Thursday Tech Tips: Can’t Use it Just Because It’s on the Internet
Hello everyone! Welcome to a fresh post in our Thursday Tech Tips series. Last time we talked about web tools and apps that you can use to help you with your writing and promotion work. Among those tools, I mentioned one to help you design your own banners and teasers. That leads to today’s topic:
What Photos and Music Can You Use to Promote Your Books?
As the main headline says, it might be on the Internet, but that does not mean you can use it. And sometimes, even if you use it, the how is as important.
There are a lot of images and songs floating about the social media sites and author websites that should never, ever be there in the first place. Songs on trailers that we have not contracted as a soundtrack, images that we don’t have the right to use, they all come at us every day. There is a right and a wrong way to do this. As authors, we should know better than any other people how copyright works and how it hurts when someone infringes it.
But wait, Alina, you’re missing something! Some of these trailers and promo videos are made by fans!
True, some book trailers are fan-made. That does not make it right. If you as an author use that trailer to promote your work, it’s just as bad as making one yourself. You should never encourage fans to wrongfully use pictures and songs to show love for your book. Just as posting a review for a pirated book does not make it all better. You still downloaded a pirated copy.
There are lots of images out there that are either completely free to use, or quite inexpensive. Same goes for music. And sometimes just asking for permission can still result in you using something for free or for a small fee.
If it’s Not Okay for Your Book Cover, It’s Not Okay for Your Teasers
Authors and graphic designers tend to pay a lot more attention to what they put on their covers than on any other promotional banners and teasers. The rule is if you can’t use it for your cover without paying for it first, you can’t use it for your teasers either. And if you bought an image for a cover design, make sure that your licensing model allows you to use it for further promotional banners first. If you are not allowed manipulate the same photo for more than its cover illustration purpose, then use your entire cover on the banner.
Of course, you might not know wheter you can or cannot use a certain song. Well, search for the song in libraries that include free to use music. Start with YouTube! They have a huge library of songs that aren’t under any copyright. To adapt the above rule about covers – if a TV station or movie has to pay to have a song on their soundtrack, the same applies to your book trailer.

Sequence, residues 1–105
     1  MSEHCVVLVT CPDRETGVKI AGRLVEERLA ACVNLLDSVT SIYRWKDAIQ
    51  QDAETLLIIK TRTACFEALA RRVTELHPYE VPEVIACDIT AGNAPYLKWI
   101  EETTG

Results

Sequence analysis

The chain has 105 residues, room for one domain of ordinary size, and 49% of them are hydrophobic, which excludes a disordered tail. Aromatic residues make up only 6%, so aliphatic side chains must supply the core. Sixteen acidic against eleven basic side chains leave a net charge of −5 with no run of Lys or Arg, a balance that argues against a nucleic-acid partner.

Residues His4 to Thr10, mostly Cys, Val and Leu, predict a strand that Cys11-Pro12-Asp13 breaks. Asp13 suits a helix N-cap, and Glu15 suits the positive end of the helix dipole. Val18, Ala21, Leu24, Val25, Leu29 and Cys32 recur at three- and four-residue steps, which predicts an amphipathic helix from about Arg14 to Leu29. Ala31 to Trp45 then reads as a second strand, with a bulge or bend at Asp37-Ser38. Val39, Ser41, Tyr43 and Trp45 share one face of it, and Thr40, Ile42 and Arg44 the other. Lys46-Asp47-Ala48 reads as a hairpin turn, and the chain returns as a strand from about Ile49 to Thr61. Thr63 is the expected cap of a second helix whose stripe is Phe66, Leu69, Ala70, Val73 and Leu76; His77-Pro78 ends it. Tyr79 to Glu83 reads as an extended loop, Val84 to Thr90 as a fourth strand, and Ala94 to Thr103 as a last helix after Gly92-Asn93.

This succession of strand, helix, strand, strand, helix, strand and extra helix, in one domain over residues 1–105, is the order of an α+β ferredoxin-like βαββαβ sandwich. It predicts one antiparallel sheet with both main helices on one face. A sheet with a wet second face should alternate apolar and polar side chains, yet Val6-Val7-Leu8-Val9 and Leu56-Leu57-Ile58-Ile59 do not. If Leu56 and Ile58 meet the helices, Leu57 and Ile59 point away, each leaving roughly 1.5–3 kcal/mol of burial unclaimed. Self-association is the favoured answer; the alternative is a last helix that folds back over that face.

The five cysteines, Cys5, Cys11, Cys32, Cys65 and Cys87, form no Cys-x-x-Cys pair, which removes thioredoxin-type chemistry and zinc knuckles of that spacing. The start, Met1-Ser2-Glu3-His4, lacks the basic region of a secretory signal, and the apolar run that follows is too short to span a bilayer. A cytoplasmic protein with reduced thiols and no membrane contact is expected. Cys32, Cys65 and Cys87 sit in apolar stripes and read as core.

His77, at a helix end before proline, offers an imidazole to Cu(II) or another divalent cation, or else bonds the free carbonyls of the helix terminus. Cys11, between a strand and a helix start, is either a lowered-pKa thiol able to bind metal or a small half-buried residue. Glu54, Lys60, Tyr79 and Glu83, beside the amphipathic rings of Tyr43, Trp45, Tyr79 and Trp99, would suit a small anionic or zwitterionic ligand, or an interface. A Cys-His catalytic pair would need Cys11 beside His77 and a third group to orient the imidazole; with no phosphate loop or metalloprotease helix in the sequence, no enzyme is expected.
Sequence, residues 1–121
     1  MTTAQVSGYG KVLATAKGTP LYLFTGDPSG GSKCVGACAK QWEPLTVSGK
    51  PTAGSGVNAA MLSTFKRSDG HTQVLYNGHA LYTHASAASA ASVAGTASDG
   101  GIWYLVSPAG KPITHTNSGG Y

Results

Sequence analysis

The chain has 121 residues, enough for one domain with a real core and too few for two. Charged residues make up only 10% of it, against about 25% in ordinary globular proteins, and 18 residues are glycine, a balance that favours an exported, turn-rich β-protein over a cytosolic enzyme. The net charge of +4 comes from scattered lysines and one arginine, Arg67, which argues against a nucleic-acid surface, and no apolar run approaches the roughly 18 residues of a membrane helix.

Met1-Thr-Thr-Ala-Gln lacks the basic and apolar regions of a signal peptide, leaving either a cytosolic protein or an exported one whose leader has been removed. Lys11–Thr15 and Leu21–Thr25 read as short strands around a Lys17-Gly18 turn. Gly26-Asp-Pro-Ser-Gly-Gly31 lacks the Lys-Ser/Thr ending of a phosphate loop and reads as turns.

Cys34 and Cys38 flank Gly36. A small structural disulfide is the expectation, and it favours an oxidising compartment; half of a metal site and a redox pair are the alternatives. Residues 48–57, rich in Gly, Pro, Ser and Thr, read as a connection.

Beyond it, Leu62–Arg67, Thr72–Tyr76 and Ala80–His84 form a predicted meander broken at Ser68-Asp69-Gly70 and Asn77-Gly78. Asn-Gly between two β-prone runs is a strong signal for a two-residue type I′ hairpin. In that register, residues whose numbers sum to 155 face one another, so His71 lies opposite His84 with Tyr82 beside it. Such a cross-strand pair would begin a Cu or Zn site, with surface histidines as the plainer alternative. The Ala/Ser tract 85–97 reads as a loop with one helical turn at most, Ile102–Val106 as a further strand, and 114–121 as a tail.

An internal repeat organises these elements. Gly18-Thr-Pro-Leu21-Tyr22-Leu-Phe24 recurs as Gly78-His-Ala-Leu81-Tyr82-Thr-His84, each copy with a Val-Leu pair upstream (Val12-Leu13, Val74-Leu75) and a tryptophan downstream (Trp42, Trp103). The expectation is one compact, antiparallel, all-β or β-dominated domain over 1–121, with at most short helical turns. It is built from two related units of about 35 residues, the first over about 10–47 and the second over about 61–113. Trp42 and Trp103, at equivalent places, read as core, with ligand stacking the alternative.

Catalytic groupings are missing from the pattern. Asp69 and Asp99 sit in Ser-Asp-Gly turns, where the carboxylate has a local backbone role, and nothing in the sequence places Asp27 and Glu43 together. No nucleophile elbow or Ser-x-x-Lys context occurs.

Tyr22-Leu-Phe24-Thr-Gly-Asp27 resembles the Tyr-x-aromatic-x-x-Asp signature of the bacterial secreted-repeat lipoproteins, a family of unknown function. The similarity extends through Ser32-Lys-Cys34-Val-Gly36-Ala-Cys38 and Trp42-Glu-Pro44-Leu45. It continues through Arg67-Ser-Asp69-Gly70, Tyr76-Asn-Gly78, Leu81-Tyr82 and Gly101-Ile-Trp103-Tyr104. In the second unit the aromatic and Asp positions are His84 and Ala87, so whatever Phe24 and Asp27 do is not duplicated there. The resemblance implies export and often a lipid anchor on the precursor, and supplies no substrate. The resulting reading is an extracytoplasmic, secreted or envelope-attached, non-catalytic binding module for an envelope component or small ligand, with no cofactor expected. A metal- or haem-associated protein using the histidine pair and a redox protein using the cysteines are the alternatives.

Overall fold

Can I Share Photos Just to Illustrate Settings and Characters?
Sharing stuff on social media is not wrong if you mention the source and don’t alter the content. If something has been posted on a website, you can share the link and preview to it. If it’s shared on a social media site, you can share it on your profile (as long as it’s allowed by the audience selected by the initial poster). Slapping a quote over it and sharing it with no credit to the creator and no prior consent from them? That’s no longer cool. Slapping the name of your character on top of it isn’t that cool either. But simply sharing who your inspiration is for a certain character is not that much of a problem.
But I Want to Share My Playlists!
That’s easy to achieve. There are several sites where you can create public playlists without getting into trouble. Or you can simply make a text file with the band/artist names and the song names that either inspired you or that describe your character and plot.
So Many Rules! Can You Come up With Solutions?
I know, it sucks, and it’s not easy, especially for beginner or indie authors. Doing it all professionally costs a lot. Yet you demand the same respect you have to show: don’t steal stuff unless you want your stuff to be stolen. Or otherwise put, if you don’t want it to ever happen to you, why would you do it to someone else?
In order to help you stay on the straight and narrow, I will follow up this post with two more highlighting where you can get photos and music free of charge or for small fees. I’ll also tell you how to refine your google searches so you can avoid copyrighted material. Stay tuned if you want to find out more about the topic and do let me know in the comments what your thoughts are so far!
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